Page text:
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Submission + - Microsoft Posts 'No Boys Allowed' Signs at State of RI High School CS Event 4

theodp writes: "Girls and women are half of the world's population," Rhode Island Governor Gina Raimondo told hundreds of high school girls gathered behind doors with signs that read "[Microsoft] DigiGirlz: No Boys Allowed". "They are half of the world’s brains, problem-solvers, leaders. This world cannot solve problems unless they are at the table. That’s why I started programs like CS4RI, partnering with Microsoft and other leaders [including Microsoft-backed] to offer computer science in every Rhode Island school." Raimondo also noted she was dismayed to learn that only 12 of Rhode Island's 42 students who took the AP Computer Science test were girls (RI has 43,000+ enrolled HS students). The best way to make girls feel welcome in K-12 CS education, some influence-wielding tech giants, politicians, and educators seem to agree, is by making boys even more unwelcome via things like gender-based federal K-12 CS education funding; girls-only learn-to-code initiatives, STEM schools and summer computer camps; and gender-weighted teacher incentive programs from Google and tech-backed (Google and the U.S. Government even sought to exclude boys from programming White House Christmas tree lights in 2014).

Submission + - Zuckerberg, Google Double-Down on Pet K-12 Personalized Learning Projects

theodp writes: Tech billionaires love the idea of K-12 personalized learning. Last week, Mark Zuckerberg announced that the Facebook-Summit Public Schools personal learning partnership would henceforth be the Zuckerberg/Chan-Summit Public Schools partnership, as Zuck and wife Priscilla let it be known that their nonprofit is "building a world-class engineering team" to build out the Summit Learning Platform and make it "available for free to any educator who wants to use it." Not to be outdone, Google this week added another $5 million to its Khan Academy investment. Both Summit and Khan Academy are supported and advised by a Who's Who of tech's richest individuals and their companies (and both organizations eat their benefactors' dog food). Later this year, Brian Dear's The Friendly Orange Glow will explain that Google's and Zuckerberg's New New Personalized Learning Thing actually has roots in the '60s and '70s.

Submission + - Your Hotel Room Photos Could Help Catch Sex Traffickers (

dryriver writes: CNN reports: Police find an advert for paid sex online. Its an illegally trafficked underage girl posing provocatively in a Hotel room. But police doesn't know where this hotel room is — what city, what neighborhood, what hotel or hotel room. This is where the TraffickCam phone app comes in. When you are staying at a hotel, you take pictures of your room with it. The app logs the GPS data (location of the hotel) and also analyzes what is in the picture — the furniture, bedsheets, carpet and other visual features. This makes the hotel room identifiable. Now when Police come across a sex trafficking picture online, there is a database of images that may reveal which hotel room the picture was taken in. About 100,000 people have downloaded TraffickCam so far.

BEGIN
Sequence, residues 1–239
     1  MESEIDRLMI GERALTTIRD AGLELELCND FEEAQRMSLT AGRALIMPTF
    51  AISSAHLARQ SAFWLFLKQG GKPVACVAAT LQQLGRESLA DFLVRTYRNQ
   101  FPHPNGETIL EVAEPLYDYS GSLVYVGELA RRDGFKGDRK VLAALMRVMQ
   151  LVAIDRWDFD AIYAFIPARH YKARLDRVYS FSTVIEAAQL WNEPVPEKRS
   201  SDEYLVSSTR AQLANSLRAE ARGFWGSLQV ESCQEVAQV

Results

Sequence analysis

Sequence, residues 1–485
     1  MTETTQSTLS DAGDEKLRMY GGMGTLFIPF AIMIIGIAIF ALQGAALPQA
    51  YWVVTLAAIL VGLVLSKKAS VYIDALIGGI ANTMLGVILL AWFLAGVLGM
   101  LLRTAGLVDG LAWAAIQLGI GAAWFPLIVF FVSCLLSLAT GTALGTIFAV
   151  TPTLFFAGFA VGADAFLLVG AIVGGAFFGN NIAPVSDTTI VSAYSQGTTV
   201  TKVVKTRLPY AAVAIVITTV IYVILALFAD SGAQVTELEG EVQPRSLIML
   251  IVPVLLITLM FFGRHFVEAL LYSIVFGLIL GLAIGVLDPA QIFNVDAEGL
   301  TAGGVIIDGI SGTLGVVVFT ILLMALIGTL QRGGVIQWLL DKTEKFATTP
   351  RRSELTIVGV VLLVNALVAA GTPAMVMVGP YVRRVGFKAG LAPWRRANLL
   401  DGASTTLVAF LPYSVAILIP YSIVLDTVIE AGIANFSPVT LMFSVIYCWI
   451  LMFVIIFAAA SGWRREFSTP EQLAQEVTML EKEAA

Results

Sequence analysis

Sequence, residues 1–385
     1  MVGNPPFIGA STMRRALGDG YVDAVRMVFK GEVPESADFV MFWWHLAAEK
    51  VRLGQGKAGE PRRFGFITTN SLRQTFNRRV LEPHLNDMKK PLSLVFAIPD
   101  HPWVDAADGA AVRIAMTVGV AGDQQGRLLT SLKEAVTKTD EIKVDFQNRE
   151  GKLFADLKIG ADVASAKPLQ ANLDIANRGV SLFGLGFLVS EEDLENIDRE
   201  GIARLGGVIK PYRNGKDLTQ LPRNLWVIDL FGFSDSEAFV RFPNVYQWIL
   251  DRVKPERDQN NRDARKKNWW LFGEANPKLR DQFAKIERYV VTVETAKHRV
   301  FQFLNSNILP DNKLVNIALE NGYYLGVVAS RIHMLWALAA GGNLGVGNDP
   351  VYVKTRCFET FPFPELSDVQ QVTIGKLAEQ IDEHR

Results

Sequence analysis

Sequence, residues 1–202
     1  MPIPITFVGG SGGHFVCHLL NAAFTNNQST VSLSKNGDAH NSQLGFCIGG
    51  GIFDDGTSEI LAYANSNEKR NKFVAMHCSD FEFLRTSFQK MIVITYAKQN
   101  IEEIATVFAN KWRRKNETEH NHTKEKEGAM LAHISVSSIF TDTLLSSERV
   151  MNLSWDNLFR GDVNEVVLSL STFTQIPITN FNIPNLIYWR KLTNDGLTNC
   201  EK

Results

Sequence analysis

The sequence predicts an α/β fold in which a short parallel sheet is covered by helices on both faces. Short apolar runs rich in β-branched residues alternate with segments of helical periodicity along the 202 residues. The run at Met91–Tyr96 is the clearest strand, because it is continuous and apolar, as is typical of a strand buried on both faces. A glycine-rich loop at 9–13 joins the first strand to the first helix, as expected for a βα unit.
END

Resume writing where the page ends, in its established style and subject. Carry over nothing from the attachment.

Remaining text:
Submission + - Does Google Research Raise Red Flag on Microsoft's HS Student Screening Advice?

theodp writes: Sharing its latest research on unconscious bias in the classroom, Google warns that educators may unintentionally discriminate against some of their students, discouraging them from pursuing certain fields of study, like computer science and STEM. "By focusing on educators," writes Google's head of R&D for CS education, "we can help them become aware of their unconscious biases [e.g., perceiving Black students as disruptive, inattentive, and less likely to complete homework; perceiving misbehavior as worse when observing students of a race different than their own] and learn how they can adjust their actions to support diverse students in computer science and STEM." So, one wonders what those who conducted the Google research might make of Microsoft TEALS, a pet program of Microsoft CEO Satya Nadella that sends volunteer software engineers with no teaching experience from Microsoft, Google, Facebook, etc. into high schools across the nation to teach kids and their teachers computer science. "Our mission," states a TEALS booklet, is "to provide every student with the opportunity to study rigorous computer science in high school." Sounds good, but in a section entitled "Identifying Students Prepared to Succeed" in the TEALS Implementation Guides from 2014-2017, schools are advised, "Especially while the courses are new to your school, it is important to select only students who are interested in CS and able to handle the course work (including study skills, and behavioral issues). This is not a place to put students simply because they have an open period and expect that CS class is equivalent to playing games." A flyer for the 2017-18 school year boasts that "TEALS students scored 10% higher than the national average on their AP CS exams last year." Whether any of that lift may be attributable to screening out certain students will presumably be addressed by a still-underway 4-year, $1.5 million NSF study of the efficacy of TEALS "in an authentic high school learning context."

Submission + - Tech-Backed 'Disappointed' Trump Didn't Budget $400M for K-12 CS 1